Peter Murphy waited a long time for this moment — unsure if it would ever happen — and he was not about to be distracted by a buzzing cell phone.
In the opening act of Florida’s game against Tennessee, the Gators lost starting quarterback Jeff Driskel to a broken leg. It was a jarring sight for Murphy, a self-described, “huge Jeff Driskel fan,” but reality quickly hit him: his son, Tyler, was about to take meaningful snaps for the first time in his college career.
Peter Murphy immediately switched off his phone and set it on the seat next to him. He was quiet at first, but as his excitement grew, he started reciting the same three words he texts his son before every game.
“I went from cheering to being very nervous,” said Murphy, a man with steely composure built during two decades as a firefighter. “I just kept repeating, ‘Protect the ball. Protect the ball. Protect the ball.’ Like a parrot.”
Gators coach Will Muschamp was probably muttering the same thing.
Tyler Murphy, a back-up who played three games in his first three years, calmed the crowd of 90,074 at the The Swamp and steered Florida to a 31-17 win. He hit 8 of 14 passes for 134 yards and a touchdown, plus he ran for 84 yards and a score.
His poise and performance surprised almost everyone in the stadium.
“Not me,” his dad said. “I’ve just been waiting. I’m not a conceited or vain person, but I know my son and I’ve always known he could do what he did Saturday. We hate that Jeff went down, but Tyler was ready for it.”
No. 20 Florida hopes he is prepared to take over permanently. Driskel is out for the year, and Murphy will make his starting debut Saturday at Kentucky .
It was unlikely for Tyler Murphy to land at a place like Florida, and even less likely he would stick.
As a skinny high school kid in Wethersfield, Conn., he drew little attention from college football heavyweights. A few FCS schools were interested, but Murphy aspired for better. Connecticut wanted him as a defensive back, and he did not want to hear it.
He was a quarterback and sought a coach who agreed. He found a believer in Temple coach Al Golden and committed to the Owls.
Then something odd happened. Urban Meyer, a prodigious recruiter who was assembling what would be the nation’s No. 1 recruiting class in 2010, was whiffing on quarterbacks. He had Trey Burton, but needed a contingency option in case Burton moved to another position.
They heard about Murphy from a private trainer named Travis Meyer and finally called him back. He had worked with Jordan Reed, who signed with UF as a quarterback and later moved to tight end. As the Gators neared national signing day, they checked to see if Murphy was available.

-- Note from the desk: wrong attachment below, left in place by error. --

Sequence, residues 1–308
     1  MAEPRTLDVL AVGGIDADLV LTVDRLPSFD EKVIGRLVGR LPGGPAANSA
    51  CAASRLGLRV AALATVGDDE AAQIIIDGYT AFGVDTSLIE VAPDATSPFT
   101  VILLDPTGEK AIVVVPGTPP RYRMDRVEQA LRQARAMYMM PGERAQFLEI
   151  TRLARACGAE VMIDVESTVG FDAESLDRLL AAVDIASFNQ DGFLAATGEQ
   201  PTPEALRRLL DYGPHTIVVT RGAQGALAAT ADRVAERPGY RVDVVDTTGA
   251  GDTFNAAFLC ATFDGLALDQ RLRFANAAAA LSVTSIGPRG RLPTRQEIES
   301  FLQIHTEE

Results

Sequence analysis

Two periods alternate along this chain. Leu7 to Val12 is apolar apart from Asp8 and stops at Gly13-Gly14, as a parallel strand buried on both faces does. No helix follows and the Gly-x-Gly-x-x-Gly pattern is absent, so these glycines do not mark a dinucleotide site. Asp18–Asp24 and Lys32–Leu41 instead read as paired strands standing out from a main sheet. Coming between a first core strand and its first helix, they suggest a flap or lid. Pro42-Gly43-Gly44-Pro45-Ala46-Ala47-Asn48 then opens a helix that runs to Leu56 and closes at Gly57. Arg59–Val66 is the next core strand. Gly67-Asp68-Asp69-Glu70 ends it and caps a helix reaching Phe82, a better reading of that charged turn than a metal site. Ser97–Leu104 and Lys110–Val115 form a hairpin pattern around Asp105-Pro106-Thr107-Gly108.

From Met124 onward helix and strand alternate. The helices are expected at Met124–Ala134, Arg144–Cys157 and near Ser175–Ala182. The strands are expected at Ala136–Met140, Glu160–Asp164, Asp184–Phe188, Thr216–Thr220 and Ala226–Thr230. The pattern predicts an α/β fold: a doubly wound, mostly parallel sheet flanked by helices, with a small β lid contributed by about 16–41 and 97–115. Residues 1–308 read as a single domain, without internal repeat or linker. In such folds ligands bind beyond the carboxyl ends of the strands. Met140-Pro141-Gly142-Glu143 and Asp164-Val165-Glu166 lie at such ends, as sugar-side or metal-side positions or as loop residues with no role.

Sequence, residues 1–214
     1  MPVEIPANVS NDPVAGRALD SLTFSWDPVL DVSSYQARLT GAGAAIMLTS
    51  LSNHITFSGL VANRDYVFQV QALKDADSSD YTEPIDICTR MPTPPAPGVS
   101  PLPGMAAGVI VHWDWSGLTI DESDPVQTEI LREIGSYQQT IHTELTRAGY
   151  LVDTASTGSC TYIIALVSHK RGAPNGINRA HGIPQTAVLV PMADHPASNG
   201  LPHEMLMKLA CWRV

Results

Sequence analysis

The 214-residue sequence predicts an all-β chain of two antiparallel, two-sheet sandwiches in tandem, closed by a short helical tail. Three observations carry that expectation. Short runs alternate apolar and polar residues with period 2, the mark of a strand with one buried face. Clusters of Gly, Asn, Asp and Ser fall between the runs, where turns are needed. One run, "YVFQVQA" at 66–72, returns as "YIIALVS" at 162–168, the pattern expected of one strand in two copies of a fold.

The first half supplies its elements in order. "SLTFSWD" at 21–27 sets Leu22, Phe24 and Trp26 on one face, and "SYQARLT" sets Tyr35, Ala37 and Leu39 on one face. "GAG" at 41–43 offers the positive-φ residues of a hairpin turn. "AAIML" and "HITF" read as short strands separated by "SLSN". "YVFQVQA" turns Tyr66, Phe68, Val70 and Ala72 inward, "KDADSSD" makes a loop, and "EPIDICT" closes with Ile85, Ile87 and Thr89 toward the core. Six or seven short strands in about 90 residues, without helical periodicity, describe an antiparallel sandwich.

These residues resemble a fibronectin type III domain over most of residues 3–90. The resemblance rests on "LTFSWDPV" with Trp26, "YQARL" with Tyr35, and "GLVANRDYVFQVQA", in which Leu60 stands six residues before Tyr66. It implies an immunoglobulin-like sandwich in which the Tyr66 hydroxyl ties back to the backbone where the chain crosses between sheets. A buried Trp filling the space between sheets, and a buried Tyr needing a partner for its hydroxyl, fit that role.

When Murphy called Golden to tell him about Florida, Golden advised him to go.
“He said he would encourage that because it was a program that not too many people get a chance to play at,” Murphy said. “He was very encouraging and really helpful.”
Golden, now Miami’s head coach, understood the appeal and could not blame him. He also praised Murphy for not ditching the Gators despite getting so few chances to play.
“I’m really happy for him,” Golden said. “It says something about him and the fabric of his family that he would stay there for all the right reasons. It’s never easy to stay there and endure that and grow, and not have any trapdoors and not make any excuses. But knowing his family and him, that’s exactly what they’re all about. And I think the benefactors of that now are in Gainesville.”
Waiting his turn
Murphy, 6-foot-2, 210 pounds, was the lowest-rated of 27 players Urban Meyer signed that year. Rivals.com gave him two stars and ranked him the 10th best player in his state, which is not exactly a treasure chest of talent. Currently, there are three Connecticut players in the SEC.
He sat behind John Brantley his first two years, barely playing despite Brantley’s frequent mishaps. When Driskel and Jacoby Brissett arrived in 2011, they immediately jumped Murphy on the depth chart.
Most quarterbacks would have transferred. Brissett did, heading to North Carolina State when it became clear he would not get a shot at beating out Driskel. Murphy, now a red-shirt junior, stayed because he loved UF and was unwilling to admit defeat. There was talk of moving to another position, but he did not view it as an option.
His perseverance endeared him to the Gators and it is one of the reasons they think they can win with him.
“There’s not many guys like that in this society,” Muschamp said. “Everybody wants it now. He’s a guy that’s worked extremely hard and he cashed in on his opportunity. We look forward to seeing him play the rest of the year.”
Post staff writer Matt Porter contributed to this story.